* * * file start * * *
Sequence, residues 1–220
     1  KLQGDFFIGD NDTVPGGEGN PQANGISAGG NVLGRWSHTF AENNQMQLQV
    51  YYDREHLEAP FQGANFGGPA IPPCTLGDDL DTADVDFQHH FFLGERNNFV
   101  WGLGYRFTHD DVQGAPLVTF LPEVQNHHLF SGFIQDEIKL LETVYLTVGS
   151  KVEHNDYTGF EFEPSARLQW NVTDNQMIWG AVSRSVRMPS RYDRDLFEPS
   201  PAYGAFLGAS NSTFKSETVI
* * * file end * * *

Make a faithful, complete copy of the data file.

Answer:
Sequence, residues 1–220
     1  KLQGDFFIGD NDTVPGGEGN PQANGISAGG NVLGRWSHTF AENNQMQLQV
    51  YYDREHLEAP FQGANFGGPA IPPCTLGDDL DTADVDFQHH FFLGERNNFV
   101  WGLGYRFTHD DVQGAPLVTF LPEVQNHHLF SGFIQDEIKL LETVYLTVGS
   151  KVEHNDYTGF EFEPSARLQW NVTDNQMIWG AVSRSVRMPS RYDRDLFEPS
   201  PAYGAFLGAS NSTFKSETVI